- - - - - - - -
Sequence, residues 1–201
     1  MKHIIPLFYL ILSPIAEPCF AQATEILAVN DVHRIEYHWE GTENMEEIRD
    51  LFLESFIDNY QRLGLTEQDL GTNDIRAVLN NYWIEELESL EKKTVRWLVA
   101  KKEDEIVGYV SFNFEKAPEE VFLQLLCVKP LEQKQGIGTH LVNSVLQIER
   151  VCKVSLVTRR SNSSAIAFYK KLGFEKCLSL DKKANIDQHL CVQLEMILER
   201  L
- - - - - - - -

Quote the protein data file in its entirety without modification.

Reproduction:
Sequence, residues 1–201
     1  MKHIIPLFYL ILSPIAEPCF AQATEILAVN DVHRIEYHWE GTENMEEIRD
    51  LFLESFIDNY QRLGLTEQDL GTNDIRAVLN NYWIEELESL EKKTVRWLVA
   101  KKEDEIVGYV SFNFEKAPEE VFLQLLCVKP LEQKQGIGTH LVNSVLQIER
   151  VCKVSLVTRR SNSSAIAFYK KLGFEKCLSL DKKANIDQHL CVQLEMILER
   201  L